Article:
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Yukon handgames tournament gets a new name to honour the elder who created it

This past weekend, the Yukon’s annual handgames tournament got a new name to honour the late elder who created it in the first place. 

For over two decades, communities across the Yukon have travelled to Whitehorse for a handgames tournament held the last weekend of February. It was first organized by the late Elder Yvonne Ann Smarch in 1998. 

Before this year, the event was called the Yukon Rendezvous Handgames Tournament. But it wasn’t an official part of Rendezvous programming. 

“We’ve always had handgames on Rendezvous,” said Doronn Fox, president of the Yukon Handgames Society. “That tournament was always put on by the Indigenous community to have something that was separate from Rendezvous.” 

Yukon Rendezvous, formerly called the Yukon “Sourdough” Rendezvous, turned 60 this year. Among many other festivities, the event has participants dress up in 19th century costumes in reference to the Klondike Gold Rush. 

That connection hasn’t always sat well with Yukon First Nations. 

Jackie Callahan, a close friend of Smarch and one of the memorial tournament organizers, said that Smarch saw handgames as a way to bring people together. 

“She reached out to Rendezvous a couple of times to try and partner, but that didn’t happen,” Callahan said. 

Smarch passed away in 2007. Since then, Callahan and other organizers have helped the event carry on. 

This year, that one event became two. 

Rendezvous organizers partnered with Doronn Fox and the Yukon Handgames Society to hold the first official joint event on Feb. 17 and 18.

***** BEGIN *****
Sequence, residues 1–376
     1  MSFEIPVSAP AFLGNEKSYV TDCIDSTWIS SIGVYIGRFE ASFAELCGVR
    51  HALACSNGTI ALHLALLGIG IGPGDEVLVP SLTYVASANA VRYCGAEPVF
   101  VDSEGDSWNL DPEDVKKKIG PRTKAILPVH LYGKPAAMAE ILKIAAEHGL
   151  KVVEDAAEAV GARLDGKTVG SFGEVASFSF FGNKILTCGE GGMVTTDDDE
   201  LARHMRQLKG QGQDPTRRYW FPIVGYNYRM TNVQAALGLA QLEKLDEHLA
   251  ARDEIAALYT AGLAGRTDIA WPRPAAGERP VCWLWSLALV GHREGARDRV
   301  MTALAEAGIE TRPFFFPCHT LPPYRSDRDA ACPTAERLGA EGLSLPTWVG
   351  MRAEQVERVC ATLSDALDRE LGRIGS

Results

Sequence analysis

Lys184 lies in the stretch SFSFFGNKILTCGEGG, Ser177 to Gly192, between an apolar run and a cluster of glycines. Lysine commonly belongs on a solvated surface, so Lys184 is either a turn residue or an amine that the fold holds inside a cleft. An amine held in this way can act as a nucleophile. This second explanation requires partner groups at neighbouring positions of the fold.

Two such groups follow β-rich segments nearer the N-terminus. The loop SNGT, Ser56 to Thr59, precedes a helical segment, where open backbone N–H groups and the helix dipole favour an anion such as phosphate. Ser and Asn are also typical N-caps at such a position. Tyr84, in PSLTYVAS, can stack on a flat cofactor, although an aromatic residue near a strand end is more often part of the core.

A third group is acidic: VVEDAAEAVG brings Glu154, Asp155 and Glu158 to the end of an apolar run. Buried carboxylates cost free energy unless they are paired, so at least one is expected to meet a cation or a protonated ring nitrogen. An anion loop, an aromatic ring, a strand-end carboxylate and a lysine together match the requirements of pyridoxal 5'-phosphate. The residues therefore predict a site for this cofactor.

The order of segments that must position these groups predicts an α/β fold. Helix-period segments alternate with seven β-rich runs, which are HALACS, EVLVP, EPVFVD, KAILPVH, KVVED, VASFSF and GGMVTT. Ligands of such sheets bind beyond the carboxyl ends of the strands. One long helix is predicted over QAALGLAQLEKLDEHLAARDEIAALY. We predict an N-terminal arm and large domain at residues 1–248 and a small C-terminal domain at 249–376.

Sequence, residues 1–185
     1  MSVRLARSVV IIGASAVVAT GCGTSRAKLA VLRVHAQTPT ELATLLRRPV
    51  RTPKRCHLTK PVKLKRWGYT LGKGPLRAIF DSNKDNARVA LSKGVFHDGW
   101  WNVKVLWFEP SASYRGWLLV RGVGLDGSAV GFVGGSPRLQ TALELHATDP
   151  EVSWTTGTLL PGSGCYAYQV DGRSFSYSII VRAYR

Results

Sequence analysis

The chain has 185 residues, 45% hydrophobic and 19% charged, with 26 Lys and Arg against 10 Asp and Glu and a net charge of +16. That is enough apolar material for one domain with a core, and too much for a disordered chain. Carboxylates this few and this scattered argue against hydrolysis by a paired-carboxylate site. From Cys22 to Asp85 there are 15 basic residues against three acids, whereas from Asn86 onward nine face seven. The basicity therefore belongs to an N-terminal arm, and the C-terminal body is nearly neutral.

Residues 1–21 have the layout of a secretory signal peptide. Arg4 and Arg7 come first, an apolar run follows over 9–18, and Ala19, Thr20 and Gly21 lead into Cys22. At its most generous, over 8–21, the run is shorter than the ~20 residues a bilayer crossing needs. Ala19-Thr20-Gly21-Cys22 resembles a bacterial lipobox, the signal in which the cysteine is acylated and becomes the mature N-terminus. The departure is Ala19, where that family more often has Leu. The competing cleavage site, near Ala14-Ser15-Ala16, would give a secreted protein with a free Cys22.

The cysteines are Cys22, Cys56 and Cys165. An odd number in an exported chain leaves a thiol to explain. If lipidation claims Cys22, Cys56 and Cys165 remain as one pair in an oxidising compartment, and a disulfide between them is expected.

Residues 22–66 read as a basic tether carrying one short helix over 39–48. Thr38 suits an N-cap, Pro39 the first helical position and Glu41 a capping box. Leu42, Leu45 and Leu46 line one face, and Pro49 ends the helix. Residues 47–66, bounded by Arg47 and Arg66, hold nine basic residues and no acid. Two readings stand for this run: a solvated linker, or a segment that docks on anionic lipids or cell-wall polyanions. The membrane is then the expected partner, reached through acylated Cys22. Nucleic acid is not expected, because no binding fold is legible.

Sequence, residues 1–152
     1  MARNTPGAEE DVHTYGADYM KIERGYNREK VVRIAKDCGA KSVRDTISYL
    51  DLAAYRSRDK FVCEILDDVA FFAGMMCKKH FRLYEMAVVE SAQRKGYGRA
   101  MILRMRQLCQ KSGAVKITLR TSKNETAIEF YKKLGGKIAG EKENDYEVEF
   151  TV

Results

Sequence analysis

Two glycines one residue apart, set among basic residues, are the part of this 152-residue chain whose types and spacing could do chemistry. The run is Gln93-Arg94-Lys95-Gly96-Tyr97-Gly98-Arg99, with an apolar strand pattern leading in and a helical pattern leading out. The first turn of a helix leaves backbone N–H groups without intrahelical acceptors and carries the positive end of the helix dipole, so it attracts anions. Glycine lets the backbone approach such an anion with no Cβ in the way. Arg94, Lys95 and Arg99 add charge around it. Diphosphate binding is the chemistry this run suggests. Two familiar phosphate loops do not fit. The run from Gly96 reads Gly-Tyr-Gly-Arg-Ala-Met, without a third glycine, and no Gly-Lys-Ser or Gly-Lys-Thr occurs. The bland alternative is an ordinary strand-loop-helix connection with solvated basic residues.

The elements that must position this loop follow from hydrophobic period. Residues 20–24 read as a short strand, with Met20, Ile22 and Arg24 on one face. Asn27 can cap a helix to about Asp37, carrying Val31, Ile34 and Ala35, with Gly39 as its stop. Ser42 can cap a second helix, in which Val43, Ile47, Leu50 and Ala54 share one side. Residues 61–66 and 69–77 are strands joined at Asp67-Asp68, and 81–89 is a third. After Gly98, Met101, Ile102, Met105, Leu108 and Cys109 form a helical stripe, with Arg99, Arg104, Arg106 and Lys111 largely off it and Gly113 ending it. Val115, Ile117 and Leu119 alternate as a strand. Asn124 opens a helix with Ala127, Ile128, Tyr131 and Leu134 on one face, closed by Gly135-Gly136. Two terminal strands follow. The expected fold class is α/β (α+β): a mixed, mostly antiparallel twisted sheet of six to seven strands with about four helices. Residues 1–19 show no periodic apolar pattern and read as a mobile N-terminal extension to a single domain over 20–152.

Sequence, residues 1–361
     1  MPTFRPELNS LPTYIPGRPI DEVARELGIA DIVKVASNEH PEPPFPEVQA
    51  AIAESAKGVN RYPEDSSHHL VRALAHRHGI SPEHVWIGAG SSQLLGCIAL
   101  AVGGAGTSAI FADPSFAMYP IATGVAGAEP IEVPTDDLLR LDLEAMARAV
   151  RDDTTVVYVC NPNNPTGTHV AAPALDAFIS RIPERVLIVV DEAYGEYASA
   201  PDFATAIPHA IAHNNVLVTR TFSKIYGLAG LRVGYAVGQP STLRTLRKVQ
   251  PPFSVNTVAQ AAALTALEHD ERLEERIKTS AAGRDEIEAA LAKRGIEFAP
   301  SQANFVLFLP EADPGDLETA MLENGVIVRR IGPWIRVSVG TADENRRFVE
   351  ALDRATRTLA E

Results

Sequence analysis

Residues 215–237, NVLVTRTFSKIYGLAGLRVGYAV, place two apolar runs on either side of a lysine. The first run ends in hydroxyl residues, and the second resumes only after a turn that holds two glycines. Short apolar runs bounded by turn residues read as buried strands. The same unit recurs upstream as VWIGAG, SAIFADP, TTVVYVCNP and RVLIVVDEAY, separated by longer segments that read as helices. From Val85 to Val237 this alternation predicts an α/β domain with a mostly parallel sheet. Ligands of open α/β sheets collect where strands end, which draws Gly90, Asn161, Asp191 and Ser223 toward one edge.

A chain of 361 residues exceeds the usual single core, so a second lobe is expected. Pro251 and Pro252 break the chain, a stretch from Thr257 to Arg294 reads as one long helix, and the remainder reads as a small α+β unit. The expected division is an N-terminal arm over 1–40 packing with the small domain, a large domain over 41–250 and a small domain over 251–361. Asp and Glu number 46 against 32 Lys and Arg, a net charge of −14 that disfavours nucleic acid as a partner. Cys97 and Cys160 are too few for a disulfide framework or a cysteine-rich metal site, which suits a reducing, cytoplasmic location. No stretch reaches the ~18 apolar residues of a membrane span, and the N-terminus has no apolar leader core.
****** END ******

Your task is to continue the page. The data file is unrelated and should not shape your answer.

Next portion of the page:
The tournament will now be held each year on the last weekend of February. 

A new partnership

“Snake Charmer” Shantay Karhut is the current executive director of Rendezvous. She said she was eager to incorporate handgames into the festival’s roster of events when she stepped into the role this year. 

Karhut said Indigenous people have been involved with Rendezvous for years. 

“But there’s a chance it […] wasn’t a good relationship,” she said.

“Relationships weren’t too healthy back in the day,” agreed Fox. 

Fox said things have been different this year. He described the partnership between the two organizations as “honest, true and full-hearted.” 

Karhut acknowledged that the inclusion of handgames in Rendezvous hasn’t gone over well in the past. But she said at its heart, the festival is about the whole territory coming together – which makes Indigenous programming essential.

Crowds gather at the Kwanlin Dün Nàkwät'à Kų̀ Potlatch House in Whitehorse for the Yvonne Ann Smarch Memorial Handgames Tournament on Feb. 24.
Crowds gather at the Kwanlin Dün Nàkwät’à Kų̀ Potlatch House in Whitehorse for the Yvonne Ann Smarch Memorial Handgames Tournament on Feb. 24. (Caitrin Pilkington/CBC)

“As far as old-timers not thinking handgames is an event for Rendezvous, I absolutely disagree,” she said. “Rendezvous is the community’s and the Yukon’s festival.” 

Fox said it also took time for some communities to come around to the idea. 

“Handgames is a traditional game,” he said. “There’s spirituality [to it.] So when we started talking about this tournament, we had to talk to all of our elders, all around the whole Yukon, about what this meant.” 

The 2024 Rendezvous tournament focused on youth, and passing on the tradition to the next generation. It drew families from Mayo to Pelly Crossing to Ross River. 

The tradition continues, with a new name

Callahan announced the change as part of the first event’s kickoff on Feb. 17. 

She describes the move as “a long time coming,” and a piece of recognition that was deeply appreciated by Smarch’s family. Members of the Smarch family declined to speak to the CBC for this story. 

“We never had anything to do with Rendezvous,” Callahan said. “And what better way to honour Yvonne, as she’s the one that started this tournament, than to name it after her?” 

Smarch was the one who first introduced her to handgames. 

“Her daughters were pretty much the same age as me, and I grew up closely with them. She started taking us to handgames tournaments when we were 13.” 

Callahan spoke about Smarch at thr tournaments. Both times, she said she ended up in tears.  

“Yvonne was a huge part of my life,” she said. “So it was hard. But it feels good that we’re doing this for her. And making it beautiful, in honour of her.”

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